Strong quake hits southern Japan, no tsunami risk

0
398
Japan's meteorological agency officer Yohei Hasegawa displays a chart showing seismic activity, (at L top is today's observation result, observed in China) after a North Korean nuclear test, at the agency in Tokyo on January 6, 2016. North Korea said it had carried out a "successful" hydrogen bomb test, a claim that -- if true -- massively raises the stakes over the hermit state's banned nuclear programme. AFP PHOTO / Yoshikazu TSUNO / AFP / YOSHIKAZU TSUNO

TOKYO: A strong earthquake hit southern Japan on Tuesday, though there was no tsunami warning nor immediate reports of damage or injuries.

The magnitude 6.0 quake hit at a depth of 10 kilometres (6.2 miles) in waters off the island of Miyako in the southern Okinawan chain, according to the US Geological Survey.

Japan’s Meteorological Agency warned of small changes in sea levels but no tsunami.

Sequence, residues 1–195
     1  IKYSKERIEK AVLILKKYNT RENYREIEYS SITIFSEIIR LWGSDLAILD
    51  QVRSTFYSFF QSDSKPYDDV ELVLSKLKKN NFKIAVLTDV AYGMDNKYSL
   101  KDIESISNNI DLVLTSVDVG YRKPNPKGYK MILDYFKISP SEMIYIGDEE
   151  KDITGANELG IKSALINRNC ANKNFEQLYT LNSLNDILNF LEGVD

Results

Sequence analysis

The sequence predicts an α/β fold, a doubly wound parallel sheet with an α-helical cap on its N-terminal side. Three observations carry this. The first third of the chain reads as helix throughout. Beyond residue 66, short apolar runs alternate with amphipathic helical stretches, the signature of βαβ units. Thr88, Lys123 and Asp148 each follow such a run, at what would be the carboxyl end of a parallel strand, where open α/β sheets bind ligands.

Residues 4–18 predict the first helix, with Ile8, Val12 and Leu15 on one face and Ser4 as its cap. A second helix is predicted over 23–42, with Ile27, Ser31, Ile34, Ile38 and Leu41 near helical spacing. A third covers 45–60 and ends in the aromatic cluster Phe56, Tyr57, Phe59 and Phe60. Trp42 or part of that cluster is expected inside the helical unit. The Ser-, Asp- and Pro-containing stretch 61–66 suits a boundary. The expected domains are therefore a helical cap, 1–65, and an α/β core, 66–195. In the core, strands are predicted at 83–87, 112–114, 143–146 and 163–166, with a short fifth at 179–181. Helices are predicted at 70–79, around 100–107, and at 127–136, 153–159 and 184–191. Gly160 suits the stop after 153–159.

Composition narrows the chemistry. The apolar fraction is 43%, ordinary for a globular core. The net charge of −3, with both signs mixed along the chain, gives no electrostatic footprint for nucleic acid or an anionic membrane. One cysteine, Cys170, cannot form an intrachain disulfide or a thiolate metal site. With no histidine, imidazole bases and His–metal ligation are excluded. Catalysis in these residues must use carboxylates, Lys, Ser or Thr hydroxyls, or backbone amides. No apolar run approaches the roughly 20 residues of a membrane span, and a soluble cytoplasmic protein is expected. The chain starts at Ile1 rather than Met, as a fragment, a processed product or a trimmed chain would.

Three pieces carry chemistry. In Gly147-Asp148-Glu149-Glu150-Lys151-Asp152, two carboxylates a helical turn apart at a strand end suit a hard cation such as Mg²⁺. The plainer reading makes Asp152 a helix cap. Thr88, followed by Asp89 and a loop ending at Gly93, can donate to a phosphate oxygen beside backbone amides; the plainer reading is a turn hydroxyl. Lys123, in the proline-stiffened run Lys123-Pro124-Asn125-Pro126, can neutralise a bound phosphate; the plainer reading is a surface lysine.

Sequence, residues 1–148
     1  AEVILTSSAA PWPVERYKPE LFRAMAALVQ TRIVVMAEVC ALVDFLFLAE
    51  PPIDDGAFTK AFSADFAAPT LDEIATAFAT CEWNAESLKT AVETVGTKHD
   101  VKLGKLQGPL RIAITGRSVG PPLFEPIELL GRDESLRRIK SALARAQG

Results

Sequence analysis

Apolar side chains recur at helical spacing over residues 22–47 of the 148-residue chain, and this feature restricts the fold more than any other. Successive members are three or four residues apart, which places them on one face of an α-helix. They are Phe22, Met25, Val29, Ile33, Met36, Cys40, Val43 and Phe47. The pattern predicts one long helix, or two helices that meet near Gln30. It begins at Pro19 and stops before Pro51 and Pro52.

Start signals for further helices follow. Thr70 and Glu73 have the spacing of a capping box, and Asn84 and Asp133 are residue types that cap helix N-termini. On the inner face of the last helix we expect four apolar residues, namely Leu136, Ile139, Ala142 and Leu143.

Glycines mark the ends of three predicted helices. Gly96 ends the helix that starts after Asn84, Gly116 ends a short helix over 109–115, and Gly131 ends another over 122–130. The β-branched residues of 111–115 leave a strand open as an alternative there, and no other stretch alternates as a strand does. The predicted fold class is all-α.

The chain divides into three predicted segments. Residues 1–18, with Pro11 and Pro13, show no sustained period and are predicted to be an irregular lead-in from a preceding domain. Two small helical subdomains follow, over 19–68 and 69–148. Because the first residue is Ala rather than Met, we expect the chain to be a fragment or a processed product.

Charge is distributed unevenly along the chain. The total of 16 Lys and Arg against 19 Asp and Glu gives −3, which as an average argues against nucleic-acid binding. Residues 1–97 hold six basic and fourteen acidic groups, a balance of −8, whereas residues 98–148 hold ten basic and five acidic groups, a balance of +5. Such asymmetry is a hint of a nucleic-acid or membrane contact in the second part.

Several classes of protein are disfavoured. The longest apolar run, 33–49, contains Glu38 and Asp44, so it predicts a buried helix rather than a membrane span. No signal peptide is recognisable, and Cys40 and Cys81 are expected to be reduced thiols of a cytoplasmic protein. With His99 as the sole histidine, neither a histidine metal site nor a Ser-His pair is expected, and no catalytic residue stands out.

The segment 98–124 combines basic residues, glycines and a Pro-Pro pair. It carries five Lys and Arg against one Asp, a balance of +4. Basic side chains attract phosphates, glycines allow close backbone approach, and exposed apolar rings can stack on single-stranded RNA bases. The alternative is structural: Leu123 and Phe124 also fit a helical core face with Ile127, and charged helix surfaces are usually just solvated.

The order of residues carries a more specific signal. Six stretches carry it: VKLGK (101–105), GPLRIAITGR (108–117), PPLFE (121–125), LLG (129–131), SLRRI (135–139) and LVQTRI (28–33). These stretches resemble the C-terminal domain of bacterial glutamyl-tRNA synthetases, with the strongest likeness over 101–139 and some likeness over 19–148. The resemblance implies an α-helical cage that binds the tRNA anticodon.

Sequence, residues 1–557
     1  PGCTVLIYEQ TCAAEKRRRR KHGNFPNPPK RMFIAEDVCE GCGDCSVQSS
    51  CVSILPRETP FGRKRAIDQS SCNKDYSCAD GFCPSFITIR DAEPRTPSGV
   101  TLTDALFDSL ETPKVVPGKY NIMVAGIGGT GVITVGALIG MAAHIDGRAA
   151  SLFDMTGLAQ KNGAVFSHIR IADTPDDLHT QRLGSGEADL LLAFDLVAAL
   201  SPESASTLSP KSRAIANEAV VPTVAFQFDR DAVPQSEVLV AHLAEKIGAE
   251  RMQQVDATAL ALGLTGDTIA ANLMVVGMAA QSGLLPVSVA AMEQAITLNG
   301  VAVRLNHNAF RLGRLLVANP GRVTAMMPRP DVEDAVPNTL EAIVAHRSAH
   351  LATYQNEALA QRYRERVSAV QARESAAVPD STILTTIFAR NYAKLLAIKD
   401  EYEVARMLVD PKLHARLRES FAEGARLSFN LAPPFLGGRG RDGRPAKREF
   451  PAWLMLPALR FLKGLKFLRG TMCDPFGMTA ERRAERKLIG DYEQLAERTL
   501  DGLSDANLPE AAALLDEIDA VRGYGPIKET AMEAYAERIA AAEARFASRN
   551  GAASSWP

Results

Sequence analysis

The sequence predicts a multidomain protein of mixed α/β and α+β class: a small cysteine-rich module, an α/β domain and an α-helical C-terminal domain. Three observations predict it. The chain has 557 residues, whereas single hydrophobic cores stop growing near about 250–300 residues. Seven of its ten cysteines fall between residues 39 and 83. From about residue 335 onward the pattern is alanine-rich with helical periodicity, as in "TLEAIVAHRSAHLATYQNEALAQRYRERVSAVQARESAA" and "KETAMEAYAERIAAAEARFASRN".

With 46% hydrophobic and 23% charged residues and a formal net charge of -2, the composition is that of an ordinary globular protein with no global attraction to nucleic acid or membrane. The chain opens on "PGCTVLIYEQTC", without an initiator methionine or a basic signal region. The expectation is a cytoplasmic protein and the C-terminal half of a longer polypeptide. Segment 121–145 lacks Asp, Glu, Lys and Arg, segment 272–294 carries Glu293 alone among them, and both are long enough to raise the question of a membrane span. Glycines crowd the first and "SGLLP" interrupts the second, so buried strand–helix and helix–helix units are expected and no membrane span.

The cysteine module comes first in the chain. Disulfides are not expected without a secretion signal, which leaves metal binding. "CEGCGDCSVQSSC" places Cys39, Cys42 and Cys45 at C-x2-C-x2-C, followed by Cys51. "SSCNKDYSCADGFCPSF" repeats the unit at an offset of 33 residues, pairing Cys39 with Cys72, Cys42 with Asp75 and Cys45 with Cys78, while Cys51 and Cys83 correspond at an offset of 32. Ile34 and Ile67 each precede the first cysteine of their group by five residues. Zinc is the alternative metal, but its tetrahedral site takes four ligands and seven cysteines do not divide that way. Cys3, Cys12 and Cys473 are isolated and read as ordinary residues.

Miyako, with  a population of about 55,000, sits some 1,840 kilometres (1,143 miles) southwest of Tokyo and about 380 kilometres east of Taipei.

Japan sits at the junction of four tectonic plates and experiences a number of relatively violent quakes every year, though damage is often slight thanks to rigorous building codes and broad earthquake awareness.

But a massive undersea quake on March 11, 2011 sent a tsunami barrelling into Japan’s northeast coast.

More than 18,500 people were left dead or missing and three reactors went into meltdown at the Fukushima nuclear plant.

It was Japan’s worst disaster in the post World War II-era.

LEAVE A REPLY

Please enter your comment!
Please enter your name here